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Financial Elder Abuse: A Primer for Agents
By Barbara Pronin
When most people think about elder abuse, they picture the physical and/or emotional mistreatment that can befall defenseless older adults. But sadly, devious family members and others in positions of trust (and even professional criminals) find it alarmingly easy to steal and/or misuse the assets of vulnerable senior citizens and/or to inappropriately manage their affairs. In fact, studies show that financial exploitation is the first or second largest category of elder abuse.
A recent presentation by the California Land Title Association enumerated the following strategies for how real estate professionals can spot red flags and prevent transactional abuse when dealing with older clients and/or their caregivers:
  • Be vigilant – Be wary of absentee owners, elderly homeowners who are consistently unreachable or seem unable to speak for themselves, or who appear fearful or overly submissive to the relative or caregiver ‘in charge.’
  • Require proof – Be alert when an elderly client seems confused or is not allowed to speak up, or if there is a sudden request for a change of contact. Ask for documentation of any third party’s authority.
  • Examine the paperwork – scrutinize deeds, trust documents and powers of attorney (especially when recently created), and other instruments, especially any handwritten or uncommon documents submitted during a transaction.
  • Note unusual requests – Be leery of insistent requests for a quick closing, deals that don’t seem to make financial sense, requests for changes in funds disbursement, or other suspicious directives.
  • Stick with procedure - Be skeptical and do not deviate from standard procedure based on promises or undue pressure. If you do suspect something is amiss, assume the worst and report it immediately to your broker or manager.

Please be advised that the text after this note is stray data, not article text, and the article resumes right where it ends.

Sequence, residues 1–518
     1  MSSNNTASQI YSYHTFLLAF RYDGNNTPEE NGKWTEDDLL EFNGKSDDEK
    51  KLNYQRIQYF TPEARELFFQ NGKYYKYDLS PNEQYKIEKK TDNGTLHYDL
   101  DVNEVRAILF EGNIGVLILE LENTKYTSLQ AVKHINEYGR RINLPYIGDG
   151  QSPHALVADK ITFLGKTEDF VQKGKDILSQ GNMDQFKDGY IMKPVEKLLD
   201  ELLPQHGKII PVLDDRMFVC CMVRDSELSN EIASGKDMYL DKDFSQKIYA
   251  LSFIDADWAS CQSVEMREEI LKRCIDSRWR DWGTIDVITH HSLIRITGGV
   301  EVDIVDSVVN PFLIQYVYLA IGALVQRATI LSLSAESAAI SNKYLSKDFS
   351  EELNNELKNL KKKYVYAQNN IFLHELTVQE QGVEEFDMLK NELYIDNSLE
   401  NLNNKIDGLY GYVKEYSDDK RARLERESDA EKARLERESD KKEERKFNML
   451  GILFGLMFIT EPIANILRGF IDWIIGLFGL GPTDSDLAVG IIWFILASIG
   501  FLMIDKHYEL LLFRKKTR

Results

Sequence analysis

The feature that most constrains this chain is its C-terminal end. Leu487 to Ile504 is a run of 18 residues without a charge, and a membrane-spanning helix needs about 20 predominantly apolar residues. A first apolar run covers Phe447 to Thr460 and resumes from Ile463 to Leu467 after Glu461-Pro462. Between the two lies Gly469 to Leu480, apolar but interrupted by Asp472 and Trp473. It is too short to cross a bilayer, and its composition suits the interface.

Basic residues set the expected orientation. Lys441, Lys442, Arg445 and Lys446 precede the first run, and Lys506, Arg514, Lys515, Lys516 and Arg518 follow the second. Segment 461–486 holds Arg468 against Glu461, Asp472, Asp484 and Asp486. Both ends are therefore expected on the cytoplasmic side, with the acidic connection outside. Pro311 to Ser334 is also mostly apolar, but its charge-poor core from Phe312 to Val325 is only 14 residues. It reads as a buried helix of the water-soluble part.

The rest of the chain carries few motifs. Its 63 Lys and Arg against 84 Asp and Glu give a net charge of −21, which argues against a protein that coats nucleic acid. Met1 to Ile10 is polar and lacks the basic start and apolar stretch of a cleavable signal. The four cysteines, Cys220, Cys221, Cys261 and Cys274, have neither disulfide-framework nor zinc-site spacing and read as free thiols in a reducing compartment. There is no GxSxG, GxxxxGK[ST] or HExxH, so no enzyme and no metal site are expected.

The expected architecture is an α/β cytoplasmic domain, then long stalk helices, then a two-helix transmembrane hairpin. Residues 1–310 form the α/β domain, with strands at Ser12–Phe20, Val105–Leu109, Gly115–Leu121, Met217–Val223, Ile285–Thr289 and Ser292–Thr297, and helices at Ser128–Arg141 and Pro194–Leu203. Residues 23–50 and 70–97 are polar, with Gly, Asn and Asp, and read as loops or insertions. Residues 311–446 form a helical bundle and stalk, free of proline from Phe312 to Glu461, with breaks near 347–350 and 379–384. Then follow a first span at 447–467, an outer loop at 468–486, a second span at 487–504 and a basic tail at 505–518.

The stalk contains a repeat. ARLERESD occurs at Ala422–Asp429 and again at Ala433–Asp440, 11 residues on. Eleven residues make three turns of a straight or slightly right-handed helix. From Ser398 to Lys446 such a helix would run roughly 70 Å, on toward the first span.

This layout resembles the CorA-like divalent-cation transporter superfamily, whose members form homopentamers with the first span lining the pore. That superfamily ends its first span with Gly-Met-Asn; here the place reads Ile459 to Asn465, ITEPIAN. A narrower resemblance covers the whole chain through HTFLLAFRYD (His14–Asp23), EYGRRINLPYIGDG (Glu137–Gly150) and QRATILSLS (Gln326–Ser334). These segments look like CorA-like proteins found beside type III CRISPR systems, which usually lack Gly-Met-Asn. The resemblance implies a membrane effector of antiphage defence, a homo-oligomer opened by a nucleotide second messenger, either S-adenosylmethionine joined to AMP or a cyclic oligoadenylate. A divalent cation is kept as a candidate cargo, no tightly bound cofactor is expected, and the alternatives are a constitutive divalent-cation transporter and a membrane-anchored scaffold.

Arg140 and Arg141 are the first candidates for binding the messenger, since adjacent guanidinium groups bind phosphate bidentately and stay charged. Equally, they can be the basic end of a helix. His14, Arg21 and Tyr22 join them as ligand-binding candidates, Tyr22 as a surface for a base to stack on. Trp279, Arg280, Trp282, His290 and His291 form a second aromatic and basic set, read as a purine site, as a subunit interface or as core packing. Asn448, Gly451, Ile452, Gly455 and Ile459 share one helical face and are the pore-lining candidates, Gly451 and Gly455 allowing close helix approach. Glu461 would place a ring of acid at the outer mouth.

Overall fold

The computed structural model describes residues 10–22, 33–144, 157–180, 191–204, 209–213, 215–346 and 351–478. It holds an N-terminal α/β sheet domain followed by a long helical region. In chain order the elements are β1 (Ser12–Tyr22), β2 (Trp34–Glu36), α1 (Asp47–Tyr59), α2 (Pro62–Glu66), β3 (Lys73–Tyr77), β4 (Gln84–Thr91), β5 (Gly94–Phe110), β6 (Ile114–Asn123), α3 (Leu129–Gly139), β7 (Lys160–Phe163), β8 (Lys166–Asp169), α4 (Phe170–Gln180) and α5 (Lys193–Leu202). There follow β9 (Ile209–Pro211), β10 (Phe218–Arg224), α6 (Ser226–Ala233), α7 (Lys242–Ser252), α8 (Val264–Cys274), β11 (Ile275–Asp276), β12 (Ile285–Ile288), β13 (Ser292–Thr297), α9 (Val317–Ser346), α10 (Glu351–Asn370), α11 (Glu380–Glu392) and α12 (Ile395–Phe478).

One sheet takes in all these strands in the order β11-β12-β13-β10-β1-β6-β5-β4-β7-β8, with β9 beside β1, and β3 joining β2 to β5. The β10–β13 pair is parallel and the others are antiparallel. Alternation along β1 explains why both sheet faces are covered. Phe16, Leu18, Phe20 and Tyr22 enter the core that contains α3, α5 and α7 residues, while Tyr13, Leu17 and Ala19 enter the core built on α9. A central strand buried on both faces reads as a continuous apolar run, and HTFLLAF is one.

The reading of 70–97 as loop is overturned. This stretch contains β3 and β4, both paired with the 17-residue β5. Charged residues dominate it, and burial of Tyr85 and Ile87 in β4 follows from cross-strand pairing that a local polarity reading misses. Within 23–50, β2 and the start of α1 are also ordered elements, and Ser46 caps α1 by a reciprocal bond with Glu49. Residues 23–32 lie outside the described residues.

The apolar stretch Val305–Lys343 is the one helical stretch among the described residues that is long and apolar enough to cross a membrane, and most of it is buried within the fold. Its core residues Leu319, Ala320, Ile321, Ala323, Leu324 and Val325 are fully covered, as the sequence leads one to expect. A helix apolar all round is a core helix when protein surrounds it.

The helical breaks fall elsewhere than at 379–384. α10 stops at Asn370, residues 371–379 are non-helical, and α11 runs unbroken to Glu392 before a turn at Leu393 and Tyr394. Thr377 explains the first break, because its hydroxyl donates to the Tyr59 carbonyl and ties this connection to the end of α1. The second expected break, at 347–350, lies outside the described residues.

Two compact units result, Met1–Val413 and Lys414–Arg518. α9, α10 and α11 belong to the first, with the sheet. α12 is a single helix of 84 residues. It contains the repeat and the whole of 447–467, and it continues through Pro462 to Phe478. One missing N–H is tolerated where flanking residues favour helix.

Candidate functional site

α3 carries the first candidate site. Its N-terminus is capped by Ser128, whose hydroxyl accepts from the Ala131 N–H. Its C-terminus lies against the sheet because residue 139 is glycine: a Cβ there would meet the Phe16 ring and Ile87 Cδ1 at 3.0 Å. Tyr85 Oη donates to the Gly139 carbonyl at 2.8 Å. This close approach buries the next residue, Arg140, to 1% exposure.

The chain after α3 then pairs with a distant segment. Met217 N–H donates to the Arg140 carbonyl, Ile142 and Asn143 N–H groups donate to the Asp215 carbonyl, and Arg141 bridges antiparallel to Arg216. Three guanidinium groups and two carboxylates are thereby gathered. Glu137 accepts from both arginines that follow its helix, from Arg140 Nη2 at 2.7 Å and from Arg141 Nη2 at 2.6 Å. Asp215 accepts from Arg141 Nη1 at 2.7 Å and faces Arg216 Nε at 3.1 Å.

The U.S. Census Bureau projects that by 2030, nearly 20 percent of the population will be 65 or older. In today’s increasingly digital world, consumer scams continue to proliferate, and the likelihood is that elderly consumers will continue to be perceived as easy targets.

The good news is that most states provide for the rescission of real estate transactions or mortgages under circumstances of duress, incapacity, incompetency, undue influence, or lack of authority. As industry professionals working with elderly clients, remaining alert and responding appropriately are useful tools in the mission to protect them.

More information is available from the National Center of Elder Abuse , the Department of Justice and the American Bar Association Commission on Law and Aging .
Barbara Pronin is an award-winning writer based in Orange County, Calif. A former news editor with more than 30 years of experience in journalism and corporate communications, she has specialized in real estate topics for over a decade.

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